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Thread: Bosch 1600H Experience

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    Default Bosch 1600H Experience

    I installed one of these in December of 2010. FYI,I am the owner and installer and not a plumber. I had no problems with the installation. There was an initial startup problem due to a stuck diaphragm, but the Bosch tech support was able to talk me through this and since then the unit has, by and large, performed well enough except for one thing. The unit is located some distance from the primary user. It serves the clothes washer, dishwasher, and the kitchen sink primarily. It can take up to 30 seconds to tell if you have hot water depending on where you set the water flow. Unfortunately, it doesn't always light. To get it to light, you have then cycle the water on and off until it does and eventually it seems to light. I've talked to Bosch about it and until something fails, there is not much they can tell me. This situation has been very frustrating, esp. for my wife, because you never know when it has lit, or even if it will. So, I rigged up circuit which uses a phototransistor to generate signal which then will turn light up an LED located at the kitchen sink. The PT uses the green indicator light on the control box to know when to turn on. Now we know right away if it's lit or not and cycling the water on and off to get it going is not such a big deal... wife happy. However, one should not have to do this and having unreliable hot water is totally unacceptable. I'm hoping to hear from other owners as to what they may done if they have this problem and decide if I should return the unit while it is still under warranty. If anyone should want to know how to set the indicator circuit, I'll be glad to supply you with details. It is very inexpensive.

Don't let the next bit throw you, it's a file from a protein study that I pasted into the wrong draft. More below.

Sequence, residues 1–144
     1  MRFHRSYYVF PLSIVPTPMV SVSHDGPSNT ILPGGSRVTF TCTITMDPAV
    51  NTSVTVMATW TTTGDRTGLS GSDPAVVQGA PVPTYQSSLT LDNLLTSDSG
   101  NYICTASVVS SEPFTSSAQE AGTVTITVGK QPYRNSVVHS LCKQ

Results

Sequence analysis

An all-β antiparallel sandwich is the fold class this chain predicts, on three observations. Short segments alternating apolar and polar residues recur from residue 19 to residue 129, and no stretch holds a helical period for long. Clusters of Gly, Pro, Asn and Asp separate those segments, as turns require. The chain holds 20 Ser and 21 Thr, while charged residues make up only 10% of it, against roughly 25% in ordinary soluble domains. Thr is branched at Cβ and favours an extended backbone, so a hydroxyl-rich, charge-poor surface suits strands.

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    In the trades Dana's Avatar
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    I've recommended the 1600H to several people (some off-grid), but haven't heard anything like the misery you seem to be having with it. But they're all in cold-water New England, not the warm gulf-coast.